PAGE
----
By Dana Arnold, David Peters Corbett
This significant other is a set of newly-commissioned essays written by means of top students within the box, supplying a accomplished creation to British paintings history.
• A generously-illustrated selection of newly-commissioned essays which supplies a entire advent to the heritage of British art
• Combines unique study with a survey of current scholarship and the nation of the field
• Touches often of the historical past of British artwork, from 800-2000, with expanding awareness paid to the sessions after 1500
• offers the 1st finished advent to British paintings of the eighteenth, 19th, and 20th centuries, some of the most energetic and cutting edge parts of art-historical study
• offers intensive the foremost preoccupations that experience emerged from contemporary scholarship, together with aesthetics, gender, British art’s courting to Modernity, nationhood and nationality, and the associations of the British artwork world
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Extra info for A Companion to British Art: 1600 to the Present
96. In a superb Northern Song kesi in the Palace Museum collection (WSWG, 56–9, fig. 14), for instance, the flight of cranes through clouds seems to have been associated with a Daoist cult of immortality. The crane is not common in Song ceramics (Wirgin 1979, 204). 93. Williams 1974, 404. 94. Li ji, ch. 7, 9 (quoted in Williams 1974, frontispiece). indd 37 19/6/09 13:27:10 38 ISLAMIC CHINOISERIE 95. Rawson 1984, 90–1. The other animals are: the Green Dragon of the East, the White Tiger of the West and the Red Bird (the Phoenix) of the South.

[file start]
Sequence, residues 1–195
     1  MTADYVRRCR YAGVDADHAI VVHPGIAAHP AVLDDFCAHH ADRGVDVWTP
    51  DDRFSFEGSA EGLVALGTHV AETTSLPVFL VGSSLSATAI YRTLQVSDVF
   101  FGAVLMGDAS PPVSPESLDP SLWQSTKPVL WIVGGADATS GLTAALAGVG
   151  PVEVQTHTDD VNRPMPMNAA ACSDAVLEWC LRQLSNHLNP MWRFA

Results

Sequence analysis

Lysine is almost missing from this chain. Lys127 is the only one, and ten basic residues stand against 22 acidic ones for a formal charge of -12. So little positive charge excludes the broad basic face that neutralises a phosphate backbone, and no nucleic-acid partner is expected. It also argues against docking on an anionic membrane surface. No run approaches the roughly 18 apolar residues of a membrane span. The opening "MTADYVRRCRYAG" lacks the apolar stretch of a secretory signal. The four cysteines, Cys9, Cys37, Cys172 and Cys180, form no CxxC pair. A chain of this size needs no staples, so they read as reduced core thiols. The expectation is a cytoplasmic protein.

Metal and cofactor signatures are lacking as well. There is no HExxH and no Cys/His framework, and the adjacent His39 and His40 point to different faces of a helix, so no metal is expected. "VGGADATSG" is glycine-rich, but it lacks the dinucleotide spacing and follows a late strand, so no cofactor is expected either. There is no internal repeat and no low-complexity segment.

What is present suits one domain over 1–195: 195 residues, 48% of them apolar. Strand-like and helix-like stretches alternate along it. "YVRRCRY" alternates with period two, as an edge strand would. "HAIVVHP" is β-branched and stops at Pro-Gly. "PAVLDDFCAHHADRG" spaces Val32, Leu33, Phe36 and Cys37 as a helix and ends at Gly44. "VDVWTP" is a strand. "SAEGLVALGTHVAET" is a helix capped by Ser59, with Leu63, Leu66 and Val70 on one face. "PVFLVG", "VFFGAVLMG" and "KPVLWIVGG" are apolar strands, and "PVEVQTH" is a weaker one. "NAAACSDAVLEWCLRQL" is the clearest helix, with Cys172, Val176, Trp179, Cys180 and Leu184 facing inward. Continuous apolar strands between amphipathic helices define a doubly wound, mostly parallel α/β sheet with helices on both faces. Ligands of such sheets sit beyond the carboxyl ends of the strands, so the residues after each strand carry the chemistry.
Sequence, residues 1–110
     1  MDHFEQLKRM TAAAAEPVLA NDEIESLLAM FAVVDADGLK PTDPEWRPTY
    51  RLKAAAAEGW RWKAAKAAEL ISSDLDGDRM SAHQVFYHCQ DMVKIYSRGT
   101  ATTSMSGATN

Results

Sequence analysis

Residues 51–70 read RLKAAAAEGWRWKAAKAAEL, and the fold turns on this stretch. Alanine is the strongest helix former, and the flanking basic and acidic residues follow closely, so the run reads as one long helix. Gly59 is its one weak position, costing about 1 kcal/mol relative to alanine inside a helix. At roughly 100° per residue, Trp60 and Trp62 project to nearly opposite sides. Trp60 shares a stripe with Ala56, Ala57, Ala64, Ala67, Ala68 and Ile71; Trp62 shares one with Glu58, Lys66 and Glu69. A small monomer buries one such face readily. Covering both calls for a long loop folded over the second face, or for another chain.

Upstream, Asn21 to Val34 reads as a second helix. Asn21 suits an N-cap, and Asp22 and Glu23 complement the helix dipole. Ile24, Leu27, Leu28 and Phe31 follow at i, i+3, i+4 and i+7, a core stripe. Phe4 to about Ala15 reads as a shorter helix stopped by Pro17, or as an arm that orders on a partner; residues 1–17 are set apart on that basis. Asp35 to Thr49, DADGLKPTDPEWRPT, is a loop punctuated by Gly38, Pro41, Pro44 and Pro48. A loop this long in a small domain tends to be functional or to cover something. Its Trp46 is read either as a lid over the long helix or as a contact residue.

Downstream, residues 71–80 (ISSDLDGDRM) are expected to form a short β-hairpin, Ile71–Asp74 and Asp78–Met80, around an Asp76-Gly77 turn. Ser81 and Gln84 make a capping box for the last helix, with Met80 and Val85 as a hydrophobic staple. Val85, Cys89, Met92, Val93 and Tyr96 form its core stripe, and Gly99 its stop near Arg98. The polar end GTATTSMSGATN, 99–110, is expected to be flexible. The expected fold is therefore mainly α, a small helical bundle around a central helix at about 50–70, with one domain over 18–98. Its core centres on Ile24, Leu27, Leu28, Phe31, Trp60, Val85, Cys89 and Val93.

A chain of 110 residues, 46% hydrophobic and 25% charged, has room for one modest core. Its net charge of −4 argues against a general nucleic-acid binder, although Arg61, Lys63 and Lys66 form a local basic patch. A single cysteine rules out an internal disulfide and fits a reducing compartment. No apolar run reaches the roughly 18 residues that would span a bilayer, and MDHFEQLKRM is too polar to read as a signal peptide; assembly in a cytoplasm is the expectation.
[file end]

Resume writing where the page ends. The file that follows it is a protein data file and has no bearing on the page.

11. 12. 13. 14. 15. 16. 17. 18. 19. 20. 21. 22. 23. 24. 25. 26. indd 34 Allsen 1997. Liu 1988; 1998. Foltz 1999. For further information about the early history of silk production in China, see Zhao 1999, 20–3, 38–43. Han shu 1962, ch. 94, 3743–835 and ch. 96, 3871–932. For a recent study of silk fragments found in Palmyra, see Stauffer 1996; Schmidt-Colinet, Stauffer and Al-As ad 2000, 58–81. For a Chinese textile found in Dura-Europos, see Mahler 1966, fig. 94. The main route between China and Roman Orient during the first two centuries ran through Central Asia to the Indus valley; going directly to the sea coast along the Indus or making a detour through Mathura, it connected with the Roman world by sea (Liu 1988, 19).
WSWG, 116. Similar coiled dragon motifs are recognised in a portrait of a king of the Tangut Empire in Cave 409 at Dunhuang (Whitfield et al. 2000, 29). 80. This is one of the examples brought from Egypt to Russia in the late nineteench century, and this type of textile is thought to have been produced for the Mamluk market (Piotrovsky and Pritula (eds) 2006, 96–7). ) (2006), cat. no. 90). 81. Rawson 1984, 139. 82. g. , figs 125b–d. 83. Ibid. 139. 84. See, for the development of ruyi patterns, Cort and Stuart 1993, 35–7.